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Could it be the one I walked near at Taylor [post #2] ? Euro RRs like(d) those slanted cab side-windows, beginning in steam...
It does have (or had) a logic to it. But it never seemed to take hold in the new world..
Great shots of 'em, anyway !
 

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There's something about those PA's, I just don't like them. Too boxy and not boxy enough at the same time. But you guys go ahead and have fun with them...
I agree and my theory about that is because of the additional equipment needed for passenger service, the length of the unit appears out of proportion to the width. I feel the same way about E units. I do like the look of the FA and F units. Just my thoughts FWIW.
 

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That looks like a '63 Bonneville or Tempest there.
 

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Could it be the one I walked near at Taylor [post #2] ? Euro RRs like(d) those slanted cab side-windows, beginning in steam...
It does have (or had) a logic to it. But it never seemed to take hold in the new world..
Great shots of 'em, anyway !
The slanted windows on the cabs are to allow the engines to fit within the European loading gauge, which curves inward at the top in order to clear tunnel portals. The Krauss-Maffei Southern Pacific and Rio Grande Diesels were built in Germany and, in order to run trials with them on German rails, they had to have the slanted cab windows. SP crews hated them because, in wet weather, the water dripped off the top of the window frames and hit the crews on the head when they leaned out the window!
If you look at modern European rolling stock, you'll still see this taper on the upper part of the sides of lococmotives and, more prominently, on the upper level of double deck passenger coaches cars - unlike the design of commuter cars in North America where the loading gauge is much more rectangular.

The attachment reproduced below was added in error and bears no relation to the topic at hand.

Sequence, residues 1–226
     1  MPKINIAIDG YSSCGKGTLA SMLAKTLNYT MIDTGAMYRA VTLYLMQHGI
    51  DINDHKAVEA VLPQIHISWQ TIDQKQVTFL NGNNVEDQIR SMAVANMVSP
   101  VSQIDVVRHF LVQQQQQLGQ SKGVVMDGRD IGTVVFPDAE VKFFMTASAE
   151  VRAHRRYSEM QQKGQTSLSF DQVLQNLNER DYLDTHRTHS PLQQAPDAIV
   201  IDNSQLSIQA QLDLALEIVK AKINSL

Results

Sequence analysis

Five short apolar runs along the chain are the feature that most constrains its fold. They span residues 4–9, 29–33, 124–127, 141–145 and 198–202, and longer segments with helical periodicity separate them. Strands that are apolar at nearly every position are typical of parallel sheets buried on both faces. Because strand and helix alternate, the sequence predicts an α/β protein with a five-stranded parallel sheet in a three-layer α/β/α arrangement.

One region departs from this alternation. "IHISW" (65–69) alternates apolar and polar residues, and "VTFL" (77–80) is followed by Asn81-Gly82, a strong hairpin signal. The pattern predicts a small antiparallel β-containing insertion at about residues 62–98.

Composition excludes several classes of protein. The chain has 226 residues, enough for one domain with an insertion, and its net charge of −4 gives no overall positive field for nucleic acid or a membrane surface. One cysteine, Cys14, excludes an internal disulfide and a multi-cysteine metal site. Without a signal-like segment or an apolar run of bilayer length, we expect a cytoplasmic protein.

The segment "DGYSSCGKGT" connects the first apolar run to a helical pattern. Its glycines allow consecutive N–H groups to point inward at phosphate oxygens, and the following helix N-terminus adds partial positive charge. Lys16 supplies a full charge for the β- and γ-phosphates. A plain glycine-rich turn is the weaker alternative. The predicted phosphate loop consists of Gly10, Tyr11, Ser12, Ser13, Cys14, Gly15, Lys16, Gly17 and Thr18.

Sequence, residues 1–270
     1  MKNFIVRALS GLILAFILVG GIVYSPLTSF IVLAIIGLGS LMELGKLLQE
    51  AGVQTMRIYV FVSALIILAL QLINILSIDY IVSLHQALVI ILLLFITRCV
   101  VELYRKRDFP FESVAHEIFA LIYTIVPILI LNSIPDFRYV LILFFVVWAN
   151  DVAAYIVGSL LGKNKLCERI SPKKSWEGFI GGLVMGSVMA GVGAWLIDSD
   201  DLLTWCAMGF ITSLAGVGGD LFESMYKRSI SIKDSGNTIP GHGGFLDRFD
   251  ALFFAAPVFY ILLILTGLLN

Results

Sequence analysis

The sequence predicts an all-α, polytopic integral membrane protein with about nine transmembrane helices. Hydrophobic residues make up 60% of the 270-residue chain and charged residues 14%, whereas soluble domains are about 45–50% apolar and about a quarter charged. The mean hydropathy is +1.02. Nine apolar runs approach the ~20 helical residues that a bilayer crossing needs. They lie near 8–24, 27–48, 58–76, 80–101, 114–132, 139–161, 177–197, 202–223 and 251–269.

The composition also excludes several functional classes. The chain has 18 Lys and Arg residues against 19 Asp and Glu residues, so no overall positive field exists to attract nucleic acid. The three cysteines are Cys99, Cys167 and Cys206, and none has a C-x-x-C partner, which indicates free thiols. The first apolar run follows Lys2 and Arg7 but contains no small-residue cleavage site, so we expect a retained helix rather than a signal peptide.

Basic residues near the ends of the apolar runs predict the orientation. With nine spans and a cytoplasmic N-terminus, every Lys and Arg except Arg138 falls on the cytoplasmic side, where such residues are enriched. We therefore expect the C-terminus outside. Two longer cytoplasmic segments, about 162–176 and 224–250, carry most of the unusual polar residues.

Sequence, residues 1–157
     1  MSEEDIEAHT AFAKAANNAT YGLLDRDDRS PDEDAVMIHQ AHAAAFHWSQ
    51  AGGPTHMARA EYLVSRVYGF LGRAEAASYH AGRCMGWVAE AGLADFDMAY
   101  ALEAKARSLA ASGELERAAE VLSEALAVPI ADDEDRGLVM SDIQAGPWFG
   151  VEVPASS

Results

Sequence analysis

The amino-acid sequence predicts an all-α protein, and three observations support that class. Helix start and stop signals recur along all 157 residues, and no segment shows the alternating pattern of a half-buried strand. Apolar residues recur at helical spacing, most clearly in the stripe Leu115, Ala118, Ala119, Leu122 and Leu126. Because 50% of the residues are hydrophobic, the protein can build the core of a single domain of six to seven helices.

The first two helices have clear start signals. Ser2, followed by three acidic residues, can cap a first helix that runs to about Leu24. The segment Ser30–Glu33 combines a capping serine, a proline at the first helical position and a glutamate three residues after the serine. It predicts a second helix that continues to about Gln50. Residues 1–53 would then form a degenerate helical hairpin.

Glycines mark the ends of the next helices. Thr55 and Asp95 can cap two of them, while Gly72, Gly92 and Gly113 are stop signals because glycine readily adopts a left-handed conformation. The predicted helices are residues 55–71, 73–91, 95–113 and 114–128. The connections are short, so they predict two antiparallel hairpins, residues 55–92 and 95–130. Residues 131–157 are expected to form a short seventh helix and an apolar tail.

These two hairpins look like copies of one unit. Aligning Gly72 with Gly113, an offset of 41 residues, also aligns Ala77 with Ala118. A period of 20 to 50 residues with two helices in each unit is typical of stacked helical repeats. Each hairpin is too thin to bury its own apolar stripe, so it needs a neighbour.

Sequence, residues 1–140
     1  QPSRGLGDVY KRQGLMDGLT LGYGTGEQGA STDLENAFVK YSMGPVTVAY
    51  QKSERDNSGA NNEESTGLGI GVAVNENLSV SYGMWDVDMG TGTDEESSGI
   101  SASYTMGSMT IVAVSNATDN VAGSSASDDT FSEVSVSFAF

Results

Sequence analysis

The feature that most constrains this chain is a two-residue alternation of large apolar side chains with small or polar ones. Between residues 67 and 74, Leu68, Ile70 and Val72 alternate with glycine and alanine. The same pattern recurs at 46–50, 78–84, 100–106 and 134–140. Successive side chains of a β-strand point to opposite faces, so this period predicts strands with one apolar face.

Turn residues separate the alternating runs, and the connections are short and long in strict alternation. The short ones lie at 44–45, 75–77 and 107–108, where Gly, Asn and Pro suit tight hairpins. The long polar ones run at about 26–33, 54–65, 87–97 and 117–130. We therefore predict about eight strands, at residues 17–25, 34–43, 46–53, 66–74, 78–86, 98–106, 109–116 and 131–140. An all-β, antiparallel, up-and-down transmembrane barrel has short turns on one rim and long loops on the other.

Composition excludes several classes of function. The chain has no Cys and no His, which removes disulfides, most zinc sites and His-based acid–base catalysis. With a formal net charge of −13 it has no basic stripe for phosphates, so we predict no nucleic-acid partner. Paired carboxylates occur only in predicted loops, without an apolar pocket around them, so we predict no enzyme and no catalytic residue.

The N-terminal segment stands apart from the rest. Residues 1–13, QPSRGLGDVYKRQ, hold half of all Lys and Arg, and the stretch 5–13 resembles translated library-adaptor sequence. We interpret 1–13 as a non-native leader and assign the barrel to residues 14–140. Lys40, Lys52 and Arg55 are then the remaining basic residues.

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I鈥檝e only ever seen these in B&W, didn鈥檛 realize there were color pics of them, too bad Espee didn鈥檛 take them, I鈥檇 love to see one in full lettering
 

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Discussion Starter · #56 ·
I鈥檝e only ever seen these in B&W, didn鈥檛 realize there were color pics of them, too bad Espee didn鈥檛 take them, I鈥檇 love to see one in full lettering
You're correct.
They were painted red and gray with the red wings, but no other lettering or numbering. They may have been intended to occupy the 7200-7202 range but never did.
EMD eventually sold them to UP.
 

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Discussion Starter · #57 ·
URO
Unidentified Railed Object.
No clue!


MW, but for what?
Steel cabin.
Mine sweeper?
No-Idea_007.jpg
 

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That鈥檚 a shoving platform.....just like a caboose.

From my understanding union rules in many places prohibit shoving a cut of cars more than x distance without someplace for the conductor to stand normally. On short shoves they will just hang on the last car; but if you're going a long distance that really sucks.

Rather than provide a caboose, which has an interior to maintain and such they built platforms like the ones you see which give a safe place to stand but can be left outside with basically zero maintenance.....
 

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Yes, transfer caboose, SP built several variations of these using old steam locomotive tender frames and on flatcars, Bayshore, Los Angeles, and Houston built them, SP had many unique pieces of equipment, these transfer cabooses are some of the lesser known
 

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Discussion Starter · #60 ·
I guess I shoulda' known...
It fits the profile. :(
 
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